L. 1946, p. 46). Section 6 of that act, in part, provides: "The State Board of Corrections shall adopt rules governing the assignment, housing, working, feeding, clothing, treatment, discipline, rehabilitation, training, and hospitalization of all prisoners coming under its custody. The Board may also adopt rules and regulations governing the conduct of/or the welfare of employees of the State institutions operating under its authority in the county public works camps and State Highway camps operating under its supervision." Section 11 provides: "From and after the passage of this Act all persons convicted of crime, either misdemeanor or felony, in any courts of this State, shall be by the Courts first assigned to the State Board of Corrections for specific assignment. The State Board of Corrections is hereby given complete supervision and control of all persons convicted of crime, misdemeanor or felony, in the Courts of the State, and the Board is hereby given the authority to assign, transfer, and place all such persons in such prisons, public works camps, State Highway camps, penitentiary, hospitals, or other institutions of confinement located in the State of Georgia and coming under its jurisdiction, as the Board shall deem to be in the best interest of the prisoner, to the State, and to its subdivisions. The Board may adopt rules and regulations for the handling of all prisoners and may delegate its authority to assign same to the Director of Corrections, if the Board deems advisable." Section 13, in part, provides: "The State Board of Corrections shall have the authority to approve the establishment of county public works camps, and abolish such camps. Each county maintaining a county camp shall receive a quota of prisoners in accordance with such methods of apportioning as may be established by the State Board of Corrections. The State Board of Corrections shall have the authority to cause persons convicted in one county to serve in any other county of the State, and any county shall have the right, with the approval of the State Board of Corrections, to deliver its quota of felony and misdemeanor prisoners to the State Board of Corrections or one of the institutions operating under its authority." Section 15, in part, provides: "When prisoners are assigned to a county camp or a Highway camp, the expenses of transportation from the point of conviction, or from the receiving station, shall be borne by the county or the State Highway authorities of the camp receiving the prisoners . . . When a prisoner is discharged at the expiration of his sentence, or is conditionally released or paroled from a county camp, or a State Highway camp, the transportation and clothing enumerated [previously in this act] shall be furnished by the county or the State High- way Department." Section 18 provides: "The State Board of Corrections shall establish and fix qualifications for wardens, guards and correctional officials. The various wardens, guards and other employees in county public works camps and Highway camps shall be chosen by the proper county and Highway officials, subject to the approval of the State Board of Corrections, and the salaries of all such employees shall be fixed and paid by the proper county and Highway authorities." And section 31 provides: "That all laws and parts of law in conflict, with this Act, be, and the same are, hereby repealed." The act of 1946 does not in terms expressly repeal any prior act of the legislature.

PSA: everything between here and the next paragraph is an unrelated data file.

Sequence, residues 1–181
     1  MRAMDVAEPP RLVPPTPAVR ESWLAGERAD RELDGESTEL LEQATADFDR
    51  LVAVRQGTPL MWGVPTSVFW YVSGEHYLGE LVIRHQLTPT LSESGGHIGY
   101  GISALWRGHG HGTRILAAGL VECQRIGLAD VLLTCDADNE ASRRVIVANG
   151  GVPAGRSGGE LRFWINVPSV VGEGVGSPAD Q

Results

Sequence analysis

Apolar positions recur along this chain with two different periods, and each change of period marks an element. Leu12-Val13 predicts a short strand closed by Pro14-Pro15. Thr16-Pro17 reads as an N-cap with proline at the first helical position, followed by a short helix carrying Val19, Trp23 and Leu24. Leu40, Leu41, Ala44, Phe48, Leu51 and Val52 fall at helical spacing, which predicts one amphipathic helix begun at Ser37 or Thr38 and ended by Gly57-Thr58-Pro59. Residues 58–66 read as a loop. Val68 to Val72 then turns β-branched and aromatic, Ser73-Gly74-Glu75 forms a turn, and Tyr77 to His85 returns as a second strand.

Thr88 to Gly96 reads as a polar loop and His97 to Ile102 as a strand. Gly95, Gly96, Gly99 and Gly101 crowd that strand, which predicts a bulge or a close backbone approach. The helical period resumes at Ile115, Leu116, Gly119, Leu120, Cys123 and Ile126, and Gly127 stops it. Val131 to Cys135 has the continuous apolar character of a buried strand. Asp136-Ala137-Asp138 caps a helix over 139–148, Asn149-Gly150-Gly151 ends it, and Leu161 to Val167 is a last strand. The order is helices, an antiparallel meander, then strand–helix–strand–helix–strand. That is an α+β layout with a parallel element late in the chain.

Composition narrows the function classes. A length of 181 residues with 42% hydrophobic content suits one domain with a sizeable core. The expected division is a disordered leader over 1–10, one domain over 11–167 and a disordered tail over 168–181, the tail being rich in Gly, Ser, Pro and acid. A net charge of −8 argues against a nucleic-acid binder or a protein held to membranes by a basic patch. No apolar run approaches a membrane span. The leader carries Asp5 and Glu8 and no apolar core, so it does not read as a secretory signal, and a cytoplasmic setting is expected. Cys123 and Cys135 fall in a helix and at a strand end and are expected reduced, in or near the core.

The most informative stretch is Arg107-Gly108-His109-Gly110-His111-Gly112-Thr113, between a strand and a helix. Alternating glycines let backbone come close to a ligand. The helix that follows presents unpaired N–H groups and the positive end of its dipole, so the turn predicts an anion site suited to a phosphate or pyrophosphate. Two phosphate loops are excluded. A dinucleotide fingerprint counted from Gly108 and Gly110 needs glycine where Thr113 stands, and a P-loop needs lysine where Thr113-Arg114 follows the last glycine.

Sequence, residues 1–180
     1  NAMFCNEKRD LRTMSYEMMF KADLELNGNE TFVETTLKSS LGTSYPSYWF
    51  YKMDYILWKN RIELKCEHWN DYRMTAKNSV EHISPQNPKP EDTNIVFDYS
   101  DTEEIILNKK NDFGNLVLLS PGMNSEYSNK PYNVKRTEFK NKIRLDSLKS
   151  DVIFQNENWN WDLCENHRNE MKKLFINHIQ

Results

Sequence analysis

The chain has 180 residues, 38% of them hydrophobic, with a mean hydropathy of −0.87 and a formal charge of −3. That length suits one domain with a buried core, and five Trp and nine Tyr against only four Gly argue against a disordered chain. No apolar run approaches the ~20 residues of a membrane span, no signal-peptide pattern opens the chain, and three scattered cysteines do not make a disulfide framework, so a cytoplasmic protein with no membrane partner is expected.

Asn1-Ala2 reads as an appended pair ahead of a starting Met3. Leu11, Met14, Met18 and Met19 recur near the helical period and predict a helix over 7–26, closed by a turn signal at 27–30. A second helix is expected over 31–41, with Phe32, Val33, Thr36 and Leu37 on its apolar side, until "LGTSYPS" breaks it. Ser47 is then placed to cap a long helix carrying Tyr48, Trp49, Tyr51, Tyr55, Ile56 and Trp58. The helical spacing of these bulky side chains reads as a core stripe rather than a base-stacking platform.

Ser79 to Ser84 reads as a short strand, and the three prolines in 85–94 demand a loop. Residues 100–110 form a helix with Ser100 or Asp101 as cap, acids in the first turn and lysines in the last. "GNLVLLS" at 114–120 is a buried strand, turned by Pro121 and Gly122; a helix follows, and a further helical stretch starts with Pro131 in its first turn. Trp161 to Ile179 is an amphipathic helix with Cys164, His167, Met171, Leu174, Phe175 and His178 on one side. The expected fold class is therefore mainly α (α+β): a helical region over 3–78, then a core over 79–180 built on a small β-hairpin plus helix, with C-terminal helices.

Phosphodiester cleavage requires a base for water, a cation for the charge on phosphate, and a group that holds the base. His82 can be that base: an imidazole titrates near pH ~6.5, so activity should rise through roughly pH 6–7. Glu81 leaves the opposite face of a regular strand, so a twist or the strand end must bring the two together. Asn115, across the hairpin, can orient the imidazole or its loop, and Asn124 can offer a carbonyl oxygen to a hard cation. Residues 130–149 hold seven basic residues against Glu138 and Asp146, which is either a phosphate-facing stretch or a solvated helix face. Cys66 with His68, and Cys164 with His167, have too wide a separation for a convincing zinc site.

But it is here contended that the several counties of this State, since the State Board of Corrections was created in 1946, do not have a legal right to a quota of convicts from the State for county uses, and a right to erect and maintain, at county expense, a public works or convict camp. It is argued that a county's right to such was impliedly repealed by the act of 1946. To this we do not agree. Repeals by implication are not favored by law, and a subsequent statute repeals prior legislative acts by implication only when they are clearly and indubitably contradictory, when they are in irreconcilable conflict with each other, and when they cannot reasonably stand together. Montgomery v. Board of Education of Richmond County, 74 Ga. 41
; State Board of Education v. County Board of Education of Richmond County, 190 Ga. 588 (2)
(10 S. E. 2d, 369); Morris v. City Council of Augusta, 201 Ga. 666
(40 S. E. 2d, 710); Collier v. Mitchell, 207 Ga. 528
(63 S. E. 2d, 338). however, it is the duty of the courts in the construction of statutes to give effect to the intention of the legislature when it is ascertainable ( Thompson v. Eastern Air Lines, 200 Ga. 216
, 222, 39 S. E. 2d, 225); and in construing laws, whether statutory or constitutional, proper regard should be given to the old law, the evil, and the remedy. Walsh v. Cite Council of Augusta, 67 Ga. 293
(1a); Demere v. Germania Bank, 116 Ga. 317
, 318 (42 S. E. 488); Georgia Railroad & Bkg. Co. v. Wright, 124 Ga. 596
, 626 (53 S. E. 251). While it is true that the act of 1946 which created the State Board of Corrections, and which defined its jurisdiction, powers, and duties, materially increased the State's control of and supervision over convicts and also changed the State's method of ascertaining and allotting a quota of convicts to the several counties; yet, after a careful examination and consideration of the act, we cannot bring ourselves to believe that it was the intention of the legislature to divest the counties of their existing statutory right to a quota of convicts for specified county uses, and we, accordingly, hold that it was not, it being clear to us that the act of 1946 is not in conflict with prior legislative acts which vested the right in the counties. Since Baldwin County, therefore, has a right to a quota of convicts to be employed upon its public roads and for other authorized county uses, the county has corresponding power and duty to make, at its expense, proper provision for their support, care, and safekeeping, including, of course, necessary camp or housing facilities. And in an exercise of its supervisory powers over county public works or convict camps, the State Board of Corrections may not arbitrarily refuse to approve a county's convict or public works camp and deny to it an assignment of its quota of convicts; nor, in like manner, abolish a county's convict or public works camp and withdraw an assignment of convicts there-from. Hence the Commissioners of Roads and Revenues of Baldwin County have ample authority to expend county funds in the construction and maintenance of a county convict or public works camp. Therefore, count 1 of the petition failed to state a cause of action and was subject to general demurrer. Pennington v. Gammon, and Garrison v. Perkins, both supra. 2, 3. These headnotes do not require elaboration.
Since neither the petition as a whole nor any count thereof stated a cause of action for the relief sought, it was properly dismissed on general demurrer. Accordingly, the record shows no error.